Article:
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The Saint Louis Chamber Chorus

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GLOSSARY OF MUSICAL TERMS

Listed below are a number of technical terms which frequently apply to the repertoire performed by the Chamber Chorus and may often be found in the program notes.

 

 

English terms

anthem/motet – choral setting of a religious text not forming part of the liturgy

antiphony – dividing the sound between two opposing groups of singers

chromaticism – using notes not found in the chosen diatonic scale

counterpoint – combining two or more melodies; repeating the melody in different voices is a canon, while imitating them at related pitches is a fugue

homophony – all voices moving at the same time

liturgy – prayers and hymns specified for a particular service, e.g. Mass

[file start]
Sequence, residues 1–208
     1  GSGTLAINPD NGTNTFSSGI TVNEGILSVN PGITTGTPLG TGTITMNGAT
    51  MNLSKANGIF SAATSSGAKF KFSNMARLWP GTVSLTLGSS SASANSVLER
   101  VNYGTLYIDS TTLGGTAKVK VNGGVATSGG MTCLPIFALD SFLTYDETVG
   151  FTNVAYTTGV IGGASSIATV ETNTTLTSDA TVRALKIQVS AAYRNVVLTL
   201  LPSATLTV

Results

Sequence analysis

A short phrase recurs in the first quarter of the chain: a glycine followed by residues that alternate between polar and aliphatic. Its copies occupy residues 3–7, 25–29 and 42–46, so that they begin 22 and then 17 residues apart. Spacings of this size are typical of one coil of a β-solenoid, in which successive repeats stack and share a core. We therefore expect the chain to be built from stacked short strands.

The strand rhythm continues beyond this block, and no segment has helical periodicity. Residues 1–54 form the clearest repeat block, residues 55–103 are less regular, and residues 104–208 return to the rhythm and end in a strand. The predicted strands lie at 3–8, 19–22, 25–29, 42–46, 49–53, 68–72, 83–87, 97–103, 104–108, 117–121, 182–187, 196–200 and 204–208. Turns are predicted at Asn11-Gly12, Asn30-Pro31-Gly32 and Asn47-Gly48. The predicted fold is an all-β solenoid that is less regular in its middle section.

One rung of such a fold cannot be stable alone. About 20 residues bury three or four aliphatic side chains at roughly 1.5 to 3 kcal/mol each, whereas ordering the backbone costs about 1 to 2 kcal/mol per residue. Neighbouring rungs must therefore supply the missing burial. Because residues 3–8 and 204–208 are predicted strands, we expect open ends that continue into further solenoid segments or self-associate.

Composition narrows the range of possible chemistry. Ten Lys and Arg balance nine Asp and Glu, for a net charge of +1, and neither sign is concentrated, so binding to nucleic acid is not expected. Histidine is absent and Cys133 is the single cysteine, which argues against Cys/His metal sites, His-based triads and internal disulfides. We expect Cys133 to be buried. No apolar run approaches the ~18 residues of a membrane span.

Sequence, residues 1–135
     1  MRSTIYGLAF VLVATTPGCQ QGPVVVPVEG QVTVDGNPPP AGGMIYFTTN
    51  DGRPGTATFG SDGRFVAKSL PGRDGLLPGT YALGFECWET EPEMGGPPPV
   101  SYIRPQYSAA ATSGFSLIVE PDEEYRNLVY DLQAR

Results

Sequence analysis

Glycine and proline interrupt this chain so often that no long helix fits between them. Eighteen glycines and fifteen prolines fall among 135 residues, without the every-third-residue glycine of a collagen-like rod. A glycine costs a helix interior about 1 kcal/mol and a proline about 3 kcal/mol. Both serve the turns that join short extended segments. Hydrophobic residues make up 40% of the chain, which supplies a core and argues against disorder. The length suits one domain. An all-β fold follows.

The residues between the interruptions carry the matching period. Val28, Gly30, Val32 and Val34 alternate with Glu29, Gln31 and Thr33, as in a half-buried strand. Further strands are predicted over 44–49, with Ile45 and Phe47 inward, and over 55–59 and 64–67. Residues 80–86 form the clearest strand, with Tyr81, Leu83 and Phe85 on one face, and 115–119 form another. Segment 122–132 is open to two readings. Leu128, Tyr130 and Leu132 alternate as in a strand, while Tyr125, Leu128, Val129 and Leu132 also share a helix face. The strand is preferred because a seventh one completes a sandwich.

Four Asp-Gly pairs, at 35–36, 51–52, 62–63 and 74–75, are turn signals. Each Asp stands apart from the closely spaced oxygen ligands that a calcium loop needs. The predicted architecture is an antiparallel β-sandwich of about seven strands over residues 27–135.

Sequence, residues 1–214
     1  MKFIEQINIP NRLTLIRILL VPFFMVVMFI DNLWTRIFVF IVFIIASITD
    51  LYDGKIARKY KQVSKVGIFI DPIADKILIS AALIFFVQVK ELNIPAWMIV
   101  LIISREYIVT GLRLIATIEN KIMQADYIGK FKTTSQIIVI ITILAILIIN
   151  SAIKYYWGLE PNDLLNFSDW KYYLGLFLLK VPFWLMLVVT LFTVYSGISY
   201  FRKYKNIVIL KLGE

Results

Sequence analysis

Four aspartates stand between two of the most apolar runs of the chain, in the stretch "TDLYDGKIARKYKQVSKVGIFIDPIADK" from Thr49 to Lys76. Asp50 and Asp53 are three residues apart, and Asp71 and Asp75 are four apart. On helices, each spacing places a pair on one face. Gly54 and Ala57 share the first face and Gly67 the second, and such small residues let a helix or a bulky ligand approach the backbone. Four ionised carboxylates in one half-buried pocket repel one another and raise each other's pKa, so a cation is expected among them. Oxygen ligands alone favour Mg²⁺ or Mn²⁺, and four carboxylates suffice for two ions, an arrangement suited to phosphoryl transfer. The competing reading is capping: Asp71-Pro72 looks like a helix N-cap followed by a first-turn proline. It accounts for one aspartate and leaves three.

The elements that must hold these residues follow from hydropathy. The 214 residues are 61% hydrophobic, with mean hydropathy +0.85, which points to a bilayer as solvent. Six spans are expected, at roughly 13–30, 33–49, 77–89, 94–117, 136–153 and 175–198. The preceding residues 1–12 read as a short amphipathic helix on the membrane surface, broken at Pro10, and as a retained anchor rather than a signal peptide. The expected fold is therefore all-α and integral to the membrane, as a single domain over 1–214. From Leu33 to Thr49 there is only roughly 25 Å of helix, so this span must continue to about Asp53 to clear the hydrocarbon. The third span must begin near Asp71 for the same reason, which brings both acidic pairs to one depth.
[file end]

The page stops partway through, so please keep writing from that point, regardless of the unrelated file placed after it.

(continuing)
madrigal – secular choral work flourishing in the 16th and 17th centuries; later called part song

melisma – one syllable sung to several notes

minimalism – compositional style which develops melody or harmony by the least steps possible

polyphony – several voice parts acting independently, not singing same words at the same time; opposite is monophony

word painting – conveying in melody, harmony or rhythm the sentiment or meaning of the text

unison – voices singing at one pitch (or in octaves)    

 

 

Italian terms

(the plural changes the final -o to -i)

a cappella – unaccompanied singing (literally, 'in the chapel')

crescendo – increasing in volume

decrescendo – weakening in volume; sometimes called diminuendo

forte – loud; opposite is piano

glissando – sliding upwards or downwards of adjacent notes

legato – smooth phrasing

leggiero – light singing; opposite is marcato

mezzo – medium

ostinato – the repetition of a phythmic or melodic motif

portamento – moving between notes with no appreciable break in sound

rallentando – getting slower; sometimes ritardando

Requiem – Catholic Mass for the Dead, opening with the text Requiem æternam dona eis, Domine (Rest eternal grant them, Lord)

ritardando – reducing speed

ritenuto – slow at once

sforzando – sudden attack, with force

staccato – separated or detached phrasing; opposite is legato

tempo – speed

tutti – all singing; opposite is solo